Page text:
What we have implicitly assumed throughout the above discussion is that training, validation, and test set are sampled from the same distribution. If this is not the case, all estimates will be plain wrong. This is why it is essential to ensure before model building that the distribution of the data is not affected by partitioning your data. Imagine, for example, that you are dealing with imbalanced data, e.g. a data set with a binary target which is positive only 10% of the cases. Randomly splitting the data into train/validation/test set according to a 50%/25%/25% split could e.g. lead to a distribution of 5% positive cases in training and 15% in validation & test set, which could seriously screw algorithm performance estimates. In such a case, you may want to use stratified sampling (potentially combined with over- respectively undersampling techniques if your learning method requires it) to make the partitions.

A final word of caution: when dealing with time series data where the task is to make forecasts, train, validation and test sets have to be selected by splitting the data along the temporal axis. That is, the “oldest” data is used for training, the more recent one for validation, and the most recent one for testing. Random sampling does not make sense in this case.

If all we have is small data

But what if small data is all we have? How do we do model selection and evaluation in this case? Model evaluation does not change. We still need a test set on which we can estimate the generalization error of the final selected model. Hence, we split the data into two sets, a training and a test set. What changes compared to the previous procedure is the way we use the training set.

Have your cake and eat it too: cross-validation for hyperparameter selection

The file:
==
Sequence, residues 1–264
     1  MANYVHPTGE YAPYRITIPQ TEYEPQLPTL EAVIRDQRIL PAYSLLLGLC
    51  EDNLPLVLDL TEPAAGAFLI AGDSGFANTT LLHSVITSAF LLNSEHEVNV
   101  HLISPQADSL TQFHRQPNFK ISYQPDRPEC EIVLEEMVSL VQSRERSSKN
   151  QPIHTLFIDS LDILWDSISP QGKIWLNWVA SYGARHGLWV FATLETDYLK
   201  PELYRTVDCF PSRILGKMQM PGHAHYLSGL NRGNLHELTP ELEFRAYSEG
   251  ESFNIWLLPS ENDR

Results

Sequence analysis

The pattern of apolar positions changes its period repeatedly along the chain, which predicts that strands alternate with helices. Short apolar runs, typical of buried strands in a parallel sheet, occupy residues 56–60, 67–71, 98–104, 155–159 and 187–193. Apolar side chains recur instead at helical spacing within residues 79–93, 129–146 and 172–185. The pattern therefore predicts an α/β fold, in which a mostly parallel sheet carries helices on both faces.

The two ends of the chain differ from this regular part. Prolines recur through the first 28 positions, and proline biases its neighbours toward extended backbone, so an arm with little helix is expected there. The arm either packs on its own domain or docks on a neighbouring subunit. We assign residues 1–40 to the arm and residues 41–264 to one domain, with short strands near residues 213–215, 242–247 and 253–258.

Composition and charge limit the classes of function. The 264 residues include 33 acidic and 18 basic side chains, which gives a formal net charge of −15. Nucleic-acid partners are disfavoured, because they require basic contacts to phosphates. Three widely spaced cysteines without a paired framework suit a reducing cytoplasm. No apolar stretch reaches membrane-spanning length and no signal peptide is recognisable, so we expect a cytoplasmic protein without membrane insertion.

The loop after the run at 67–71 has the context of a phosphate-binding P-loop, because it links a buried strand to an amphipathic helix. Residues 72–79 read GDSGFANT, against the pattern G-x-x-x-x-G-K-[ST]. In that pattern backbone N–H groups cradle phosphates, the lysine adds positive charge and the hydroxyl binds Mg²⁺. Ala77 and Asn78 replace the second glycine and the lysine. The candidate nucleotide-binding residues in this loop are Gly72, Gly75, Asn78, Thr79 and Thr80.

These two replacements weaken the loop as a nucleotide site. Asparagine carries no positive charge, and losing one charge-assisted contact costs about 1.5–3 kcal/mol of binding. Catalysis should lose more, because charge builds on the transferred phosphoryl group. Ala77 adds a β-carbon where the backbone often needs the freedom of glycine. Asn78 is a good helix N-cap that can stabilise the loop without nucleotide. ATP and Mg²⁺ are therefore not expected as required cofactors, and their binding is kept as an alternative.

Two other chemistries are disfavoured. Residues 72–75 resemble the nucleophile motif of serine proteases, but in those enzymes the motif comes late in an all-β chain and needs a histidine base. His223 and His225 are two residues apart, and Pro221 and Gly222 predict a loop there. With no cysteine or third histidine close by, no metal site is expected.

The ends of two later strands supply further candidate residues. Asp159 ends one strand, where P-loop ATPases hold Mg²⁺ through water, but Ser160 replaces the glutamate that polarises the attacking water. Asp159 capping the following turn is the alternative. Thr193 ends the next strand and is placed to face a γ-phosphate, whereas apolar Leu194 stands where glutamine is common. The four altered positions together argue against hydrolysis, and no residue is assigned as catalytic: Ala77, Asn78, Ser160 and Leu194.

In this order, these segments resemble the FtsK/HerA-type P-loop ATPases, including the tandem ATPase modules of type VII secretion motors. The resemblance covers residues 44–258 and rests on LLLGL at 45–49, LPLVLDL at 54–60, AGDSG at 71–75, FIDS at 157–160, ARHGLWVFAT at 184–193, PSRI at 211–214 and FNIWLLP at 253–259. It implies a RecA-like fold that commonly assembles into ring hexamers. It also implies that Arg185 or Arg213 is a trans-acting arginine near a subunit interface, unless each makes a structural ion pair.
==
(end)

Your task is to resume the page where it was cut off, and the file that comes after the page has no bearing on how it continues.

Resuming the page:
For hyperparameter selection, we can use K-fold cross-validation (CV). Cross validation works as follows:

  1. We split the training set into K smaller sets. Note that the caveats regarding imbalanced data also apply here.
  2. We set aside each of the K folds one time, as illustrated in Fig. 2. We train as many models as there are different combinations of model hyperparameters on the remaining K-1 folds and compute the validation score on the hold-out fold.
  3. For each set of hyperparameters we compute the mean validation score and select the hyperparameter set with best performance on the hold-out validation sets. Alternatively, we can apply the “one-standard-error-rule” [2], which means that we choose the most parsimonious model (the model with lowest complexity) whose performance is not more than a standard error below the best performing model.

Subsequently, we train the model with the chosen hyperparameter set on the full training set and estimate the generalization error using the test set. Lastly, we retrain the model using the combined data of training and test set.

Fig. 2: Illustration of the cross-validation procedure.

Fig. 2: Illustration of 5-fold cross-validation.

How many splits should we make, i.e., how should we choose K? Unfortunately, there is no free lunch, i.e., no single answer that always works best. If we choose K=N where N is the number of training examples, we are dealing with a method called leave-one-out cross-validation (LOOCV). The advantage here is that since we always use almost the entire data for training, the estimated prediction performance is approximately unbiased, meaning that the difference between expected value of the prediction error and “true” prediction error is very low. The disadvantage, however, is that LOOCV is computationally expensive and the variance can be high, meaning that our prediction performance estimate can fluctuate strongly around its “true” value. In contrast, if we choose K=5 or K=10, the variance of our prediction performance estimate is low, but our estimate might be overly pessimistic since we use only 80-90% of the available data for training (cf. discussion of the learning curve above). Nevertheless, 10-fold (or 5-fold) CV is recommended as a rule of thumb [2].

Inside the matryoshka: nested cross-validation for algorithm selection

For algorithm selection we need a more elaborate method. Here, nested cross-validation comes to the rescue, which is illustrated in Fig. 3 and works as follows: